Kimber 8400 Mntn Ascent = lightest production rifle?

If you’re planning to hun in the western mountains — or just want a rugged and light gun — the Kimber 8400 Mountain Ascent might be one for you, if you’ve got the coin. American Hunter reviewed it:

> …factory-built, super-lightweight…in long-action chambering weighs just 5 lbs, 2 oz [without] scope and ammo or sling. Short-action calibers weigh even less…4 lbs 13 oz.

> …custom features like a fluted barrel, a fluted bolt and bolt knob, a hollow bolt handle, a lightened extractor, and a carbon-fiber stock. These numbers make the Kimber Mountain Ascent the lightest production rifle in the world.

> It’s super accurate…built with a match-grade barrel, match-grade chamber, and an excellent trigger. In fact, Kimber guarantees sub MOA accuracy out of the box.

> The trigger is made of lightweight aluminum to reduce weight. It’s single-stage, match-grade, and factory-set at 3.5-4 lbs — and it’s adjustable.

> …factory-fitted muzzle brake to tame recoil…elegantly-contoured 2-piece scope bases, Talley quick-detach steel bases, or Talley lightweight 1″ aluminum bases.

A lot of gun, even for 2 grand….

Tip of the Week

How to get great trailcam pics.

Trailcams keep getting better and better, and just about anyone can get some decent pics by strapping one to a tree. But QDMA points out there’s more to it if you want great shots:

> Most “false triggers” can be prevented by orienting the camera somewhere between northeast and northwest, if not due north. When the camera faces the sun, you are more likely to get false triggers that eat up batteries and card storage (and bandwidth for wireless cameras).

> If estimating the ages of bucks is important for you, then setting the camera at the right height and distance from the target zone is also important. A ground-level view is critical, and so is getting all of the buck in the frame. For me, the ideal height is my own kneecap, about 21″.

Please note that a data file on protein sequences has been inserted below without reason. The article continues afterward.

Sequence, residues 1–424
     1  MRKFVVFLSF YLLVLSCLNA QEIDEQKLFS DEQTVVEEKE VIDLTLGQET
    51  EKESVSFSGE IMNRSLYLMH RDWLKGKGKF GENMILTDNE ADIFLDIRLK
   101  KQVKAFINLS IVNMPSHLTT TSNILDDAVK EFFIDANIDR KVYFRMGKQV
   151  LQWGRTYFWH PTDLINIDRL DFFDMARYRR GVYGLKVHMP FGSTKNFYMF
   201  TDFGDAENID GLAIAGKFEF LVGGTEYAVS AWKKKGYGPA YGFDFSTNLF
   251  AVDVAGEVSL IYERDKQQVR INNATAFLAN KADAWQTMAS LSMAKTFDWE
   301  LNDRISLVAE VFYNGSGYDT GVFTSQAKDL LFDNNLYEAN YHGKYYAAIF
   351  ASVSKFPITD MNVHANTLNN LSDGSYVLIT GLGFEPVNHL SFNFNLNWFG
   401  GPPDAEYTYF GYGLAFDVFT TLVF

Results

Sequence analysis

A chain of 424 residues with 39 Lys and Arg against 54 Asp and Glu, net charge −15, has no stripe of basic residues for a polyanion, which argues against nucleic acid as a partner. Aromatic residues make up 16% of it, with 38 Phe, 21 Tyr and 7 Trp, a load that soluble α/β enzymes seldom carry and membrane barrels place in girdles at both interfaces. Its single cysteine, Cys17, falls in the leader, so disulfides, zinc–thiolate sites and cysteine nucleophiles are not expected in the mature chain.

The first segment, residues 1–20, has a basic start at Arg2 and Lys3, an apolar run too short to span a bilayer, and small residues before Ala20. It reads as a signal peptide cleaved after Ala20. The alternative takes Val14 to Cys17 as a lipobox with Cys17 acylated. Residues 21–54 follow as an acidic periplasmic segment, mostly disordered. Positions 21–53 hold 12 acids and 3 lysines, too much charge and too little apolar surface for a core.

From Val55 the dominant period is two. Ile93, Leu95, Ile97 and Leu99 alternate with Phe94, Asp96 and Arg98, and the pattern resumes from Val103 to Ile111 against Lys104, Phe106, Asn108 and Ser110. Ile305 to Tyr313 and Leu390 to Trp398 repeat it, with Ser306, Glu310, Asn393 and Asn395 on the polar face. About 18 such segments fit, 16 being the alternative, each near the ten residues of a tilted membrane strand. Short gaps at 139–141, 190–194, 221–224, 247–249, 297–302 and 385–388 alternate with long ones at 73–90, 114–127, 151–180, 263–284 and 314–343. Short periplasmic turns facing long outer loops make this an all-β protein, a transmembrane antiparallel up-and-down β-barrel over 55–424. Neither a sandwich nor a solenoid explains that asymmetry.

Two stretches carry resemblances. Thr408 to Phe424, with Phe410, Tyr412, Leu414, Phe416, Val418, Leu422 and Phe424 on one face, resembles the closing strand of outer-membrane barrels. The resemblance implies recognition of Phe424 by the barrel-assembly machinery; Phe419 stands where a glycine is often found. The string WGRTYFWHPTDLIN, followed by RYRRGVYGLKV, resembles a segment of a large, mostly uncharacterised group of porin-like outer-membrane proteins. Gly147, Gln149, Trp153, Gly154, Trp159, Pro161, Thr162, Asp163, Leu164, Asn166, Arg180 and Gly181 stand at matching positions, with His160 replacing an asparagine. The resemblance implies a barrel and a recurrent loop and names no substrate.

> Whether it’s a trail, scrape, feeder or other small target zone, I rarely place my cameras more than 15′ away from the most likely zone of deer movement, and that goes for every brand of camera I’ve ever used. That’s 5 yards or about 5 paces.

> I have a tote bag in which I keep my trail-camera gear, and it includes: 1) bungee straps, zip ties and cord for strap extensions; 2) a tree-mounting adapter for crooked trees; and 3) clippers and a hand saw for trimming brush or small trees that block the ideal camera spot.

> Trigger some test shots before you leave. Use these test images to check that the camera is working, sending photos, and that the setup is like you want it.

Quote of the Week

Do not tell other people’s hunting stories and make them your own.

– Anyone you know do this? If so that’s kinda…weird. Anyhow, from a post on the 7 deadly sins of hunting. That was Envy. Here’s a couple more:

> Pride: Excessive belief in one’s own abilities, vanity. You know, it’s always wise to work what you know you can do, not what you wish you can do. Don’t climb that deer stand if you aren’t in proper shape. Do not take shots you’ve never practiced or made before.

> Gluttony: An inordinate desire to have more, consume more than one requires. Do you really have to have that new rifle no matter how many you already have?

Pretty sure that last one’s not a sin…sure hope so anyhow…lol!

Shot of the Week

Sweet @whitetail_diaries trailcam shot — couple does, ears pinned back, gettin’ ready to scrap! Temp reads 111 degrees at 7:38pm, no wonder they’re cranky! #southTXlife

What’s the DB and who does it??
The DeerBlaster is a weekly roundup of the best, worst and funniest stuff about whitetail deer hunting culled from around the interwebz. We were kinda doing it already, just not the blastin’ it into your inbox part….
It’s put together by some deer nerds — Ted, Jay, Wade, couple more — from around the country. We excerpt content (and credit EVERYONE!), comment on content, do some original content — it’s an internet thing…. We do it because we can’t get enough deer hunting, hopefully you’re wired the same.
The DeerBlaster’s a work in progress, just like we are. Let us know what we can do better and thanks for readin’! Any issues, suggestions, whatever, just hit Reply to this email and we’ll get it. Thank you!
Sign up another deer nut!

If you’re forwarding the DeerBlaster to other deer crackheads, tx much! Or you can email us the addys and we’ll take care of it! We’ll never send spam, sell the list or anything else crazy…. And follow us on Facebook and Instagram at @deerblaster.official

Advertising info

If you’re interested in learning more about the DeerBlaster and how we do things, just respond to this email and we’ll get in touch — thank you!

Most Popular

To Top